At TomDispatch, Steve Fraser and Joshua B. Freeman, put the Tea Party movement in a historical context.
[T]he Tea Party movement reminds us that the moral self-righteousness, sense of dispossession, anti-elitism, revanchist patriotism, racial purity, and “Don’t Tread on Me” militancy that were always at least a part of the populist admixture are alive and well. For all the fantastical paranoia that often accompanies such emotional stances, they speak to real experiences — for some, of economic anxiety, insecurity, and loss; for others, of deeper fears of personal, cultural, political, or even national decline and moral disorientation.
Though such fears and feelings are, in part, legacies of the corporate liberal order — one of the dark sides of “progress” under capitalism — in this new populist moment, anti-capitalism itself barely lingers on. Though outrage at the bank bailout did help propel the Tea Party explosion, anti-big-business sentiment is now a pale shadow of its former self, a muted sub-theme in the movement when compared to the Wallace moment, not to mention those of Huey Long or the Populists.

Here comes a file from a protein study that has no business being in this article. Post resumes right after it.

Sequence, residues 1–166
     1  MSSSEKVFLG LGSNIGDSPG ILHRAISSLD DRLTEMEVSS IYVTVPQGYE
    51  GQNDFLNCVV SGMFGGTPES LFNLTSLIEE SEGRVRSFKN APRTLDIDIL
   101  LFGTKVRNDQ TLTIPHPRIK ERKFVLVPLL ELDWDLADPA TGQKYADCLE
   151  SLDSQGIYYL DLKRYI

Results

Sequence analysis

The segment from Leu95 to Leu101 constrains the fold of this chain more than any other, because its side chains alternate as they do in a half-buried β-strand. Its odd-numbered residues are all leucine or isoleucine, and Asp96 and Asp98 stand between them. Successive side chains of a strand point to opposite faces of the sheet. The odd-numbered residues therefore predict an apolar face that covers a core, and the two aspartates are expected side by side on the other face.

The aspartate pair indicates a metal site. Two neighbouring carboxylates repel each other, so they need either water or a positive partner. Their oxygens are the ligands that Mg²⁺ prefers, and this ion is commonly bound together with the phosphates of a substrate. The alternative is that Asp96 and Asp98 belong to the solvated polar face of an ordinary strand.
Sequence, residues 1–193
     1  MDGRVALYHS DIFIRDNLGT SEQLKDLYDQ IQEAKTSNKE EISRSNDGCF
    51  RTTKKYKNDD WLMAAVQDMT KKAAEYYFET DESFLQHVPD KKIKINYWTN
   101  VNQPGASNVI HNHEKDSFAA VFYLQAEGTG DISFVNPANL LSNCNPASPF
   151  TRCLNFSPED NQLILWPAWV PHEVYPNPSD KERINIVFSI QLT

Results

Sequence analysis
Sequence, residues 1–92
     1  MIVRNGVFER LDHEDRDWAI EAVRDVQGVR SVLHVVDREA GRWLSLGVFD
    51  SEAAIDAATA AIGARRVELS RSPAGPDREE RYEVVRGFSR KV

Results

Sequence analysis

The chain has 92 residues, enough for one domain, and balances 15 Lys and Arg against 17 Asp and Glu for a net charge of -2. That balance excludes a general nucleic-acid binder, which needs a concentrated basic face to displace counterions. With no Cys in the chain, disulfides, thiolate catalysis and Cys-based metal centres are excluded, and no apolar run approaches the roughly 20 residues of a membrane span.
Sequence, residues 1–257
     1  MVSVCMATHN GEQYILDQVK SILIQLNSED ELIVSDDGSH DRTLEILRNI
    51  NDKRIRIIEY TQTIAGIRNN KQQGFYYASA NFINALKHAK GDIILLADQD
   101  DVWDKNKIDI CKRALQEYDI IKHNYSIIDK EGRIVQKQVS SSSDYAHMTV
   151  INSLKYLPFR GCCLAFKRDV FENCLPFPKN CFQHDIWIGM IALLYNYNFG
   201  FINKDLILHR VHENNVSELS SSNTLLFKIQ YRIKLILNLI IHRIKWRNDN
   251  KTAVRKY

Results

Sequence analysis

This is hardly surprising since, at least economically, capitalism has, according to recent surveys of Tea Party membership, served many of them reasonably well. Like Goldwater supporters of the 1960s, those who identify with the Tea Party movement are generally wealthier than the population as a whole, and more likely to be employed. They are also apparently better educated, so their fondness for Sarah Palin’s intellectual debilities may be more a case of resentment of bicoastal cultural snobbery than eye-popping ignorance.
Alongside an exalted rhetoric about threats to liberty lies a sour, narrow-minded defensiveness against any possible threat of income redistribution that might creep into the body politic… and so into their pockets. “Don’t Tread on Me,” once a rebel war cry, has morphed into: “I’ve got mine. Don’t dare tax it.” The state, not the corporation, is now the enemy of choice.